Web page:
Pannai

  • pannai kingdom

    11th century–14th century
    capitalpannai
    religion
    vajrayana buddhism
    governmentmonarchy
    history 
    • established
    11th century
    • disestablished
    14th century
    today part of indonesia

    pannai, panai or pane was a buddhist kingdom located on the east coast of northern sumatra that existed between the 11th and 14th centuries.[1] the kingdom was located on the barumun river and panai river valleys, in today's labuhan batu and south tapanuli regencies. because surviving inscriptions and historical records of this period are scarce, the kingdom is among the least known political entities in indonesian history. historians suggest that pannai was probably a principality or a vassal allied under the srivijayan mandala and later to dharmasraya kingdom.[2][3][unreliable source?]

    the historical records mentioning this kingdom derived from indian and javanese sources. the state of pannai, with river runs through it, was mentioned in the tanjore inscription dating from the 11th century, as one of the polity sacked by rajendra chola i of chola dynasty during his campaign against the prosperous srivijaya.[4] three centuries later, prapanca confirmed pannai as one of the malay states targeted in majapahit's foreign diplomacy.[5]

    panai among ancient melayu kingdoms realm.

    despite the lack of local historical records, on the upstream of these rivers however, 16 buddhist vajrayana temples were discovered. these temples are known today as the padanglawas temple compounds, with one specifically known as the bahal temple. experts suggest that the existence of the temples is linked to the kingdom of pannai. the temples constitute tangible traces of vajranaya buddhism in sumatra.[3]

    the state of pannai, according to thanjavur inscription found in india, fell after a surprise attack from the rear. pannai did not suspect an attack from a chola occupied srivijaya, the mandala's capital.

    historian suggests, that it is likely that the past padang lawas area was more fertile than it is now. therefore the panai kingdom was rich in forest products, especially camphor and livestock, and might also produced gold. only the rich and prosperous society were able to build temples like bahal temple complex. in armenian-language travel records, indian city names and persian suburbs, pane is referred to as the port where a lot of good quality camphor can be found. camphor originated from two ports, namely barus on the west coast of sumatra, and p’anes or p’anis, namely panai on the east coast.[4]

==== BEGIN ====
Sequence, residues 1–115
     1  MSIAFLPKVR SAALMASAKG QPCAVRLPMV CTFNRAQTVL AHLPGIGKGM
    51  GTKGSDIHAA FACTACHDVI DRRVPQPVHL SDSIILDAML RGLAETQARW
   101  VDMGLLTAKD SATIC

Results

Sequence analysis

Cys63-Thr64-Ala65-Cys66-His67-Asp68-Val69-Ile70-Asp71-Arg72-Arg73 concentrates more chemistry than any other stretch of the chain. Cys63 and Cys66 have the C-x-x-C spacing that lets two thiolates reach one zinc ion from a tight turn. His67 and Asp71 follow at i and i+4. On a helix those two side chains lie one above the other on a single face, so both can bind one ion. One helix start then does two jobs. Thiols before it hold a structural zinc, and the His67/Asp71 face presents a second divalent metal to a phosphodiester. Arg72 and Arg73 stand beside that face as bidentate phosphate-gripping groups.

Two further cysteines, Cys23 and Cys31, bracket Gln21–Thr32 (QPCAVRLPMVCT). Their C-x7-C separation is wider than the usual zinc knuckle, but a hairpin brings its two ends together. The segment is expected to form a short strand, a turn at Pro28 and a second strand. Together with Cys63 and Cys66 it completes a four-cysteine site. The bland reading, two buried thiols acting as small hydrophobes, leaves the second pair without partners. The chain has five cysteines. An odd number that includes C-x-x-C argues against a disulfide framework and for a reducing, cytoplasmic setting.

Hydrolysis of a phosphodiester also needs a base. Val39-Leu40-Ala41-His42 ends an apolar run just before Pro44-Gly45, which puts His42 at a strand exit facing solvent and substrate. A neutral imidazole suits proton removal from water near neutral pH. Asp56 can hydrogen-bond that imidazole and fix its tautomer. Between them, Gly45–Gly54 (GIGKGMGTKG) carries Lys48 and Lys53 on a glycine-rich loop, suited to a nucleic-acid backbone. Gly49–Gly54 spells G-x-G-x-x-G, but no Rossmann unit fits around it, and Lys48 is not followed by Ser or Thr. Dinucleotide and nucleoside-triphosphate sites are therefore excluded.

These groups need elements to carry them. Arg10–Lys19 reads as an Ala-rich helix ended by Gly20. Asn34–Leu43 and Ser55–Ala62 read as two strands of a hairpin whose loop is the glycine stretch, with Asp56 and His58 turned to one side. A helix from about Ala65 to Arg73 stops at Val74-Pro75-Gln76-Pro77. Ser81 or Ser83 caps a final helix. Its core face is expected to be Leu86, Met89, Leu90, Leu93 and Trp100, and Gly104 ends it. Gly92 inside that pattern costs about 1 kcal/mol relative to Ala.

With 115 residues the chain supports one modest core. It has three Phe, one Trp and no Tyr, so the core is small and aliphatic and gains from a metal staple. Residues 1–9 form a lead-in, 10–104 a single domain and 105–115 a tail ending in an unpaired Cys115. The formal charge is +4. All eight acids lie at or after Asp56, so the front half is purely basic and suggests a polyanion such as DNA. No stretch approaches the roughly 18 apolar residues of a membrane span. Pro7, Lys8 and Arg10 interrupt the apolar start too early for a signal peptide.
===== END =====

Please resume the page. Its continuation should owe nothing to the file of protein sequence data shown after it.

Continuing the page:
• historiography
  • historical sites
  • possible connection with panay
  • see also
  • references

Pannai Kingdom

11th century–14th century
CapitalPannai
Religion
Vajrayana Buddhism
GovernmentMonarchy
History 
• Established
11th century
• Disestablished
14th century
Today part of Indonesia

Pannai, Panai or Pane was a Buddhist kingdom located on the east coast of Northern Sumatra that existed between the 11th and 14th centuries.[1] The kingdom was located on the Barumun River and Panai River valleys, in today's Labuhan Batu and South Tapanuli regencies. Because surviving inscriptions and historical records of this period are scarce, the kingdom is among the least known political entities in Indonesian history. Historians suggest that Pannai was probably a principality or a vassal allied under the Srivijayan mandala and later to Dharmasraya kingdom.[2][3][unreliable source?]

The historical records mentioning this kingdom derived from Indian and Javanese sources. The state of Pannai, with river runs through it, was mentioned in the Tanjore inscription dating from the 11th century, as one of the polity sacked by Rajendra Chola I of Chola dynasty during his campaign against the prosperous Srivijaya.[4] Three centuries later, Prapanca confirmed Pannai as one of the Malay states targeted in Majapahit's foreign diplomacy.[5]

Panai among ancient Melayu kingdoms realm.

Despite the lack of local historical records, on the upstream of these rivers however, 16 Buddhist Vajrayana temples were discovered. These temples are known today as the Padanglawas temple compounds, with one specifically known as the Bahal temple. Experts suggest that the existence of the temples is linked to the Kingdom of Pannai. The temples constitute tangible traces of Vajranaya Buddhism in Sumatra.[3]

The state of Pannai, according to Thanjavur inscription found in India, fell after a surprise attack from the rear. Pannai did not suspect an attack from a Chola occupied Srivijaya, the mandala's capital.

Historian suggests, that it is likely that the past Padang Lawas area was more fertile than it is now. Therefore the Panai Kingdom was rich in forest products, especially camphor and livestock, and might also produced gold. Only the rich and prosperous society were able to build temples like Bahal temple complex. In Armenian-language travel records, Indian City Names and Persian Suburbs, Pane is referred to as the port where a lot of good quality camphor can be found. Camphor originated from two ports, namely Barus on the west coast of Sumatra, and P’anes or P’anis, namely Panai on the east coast.[4]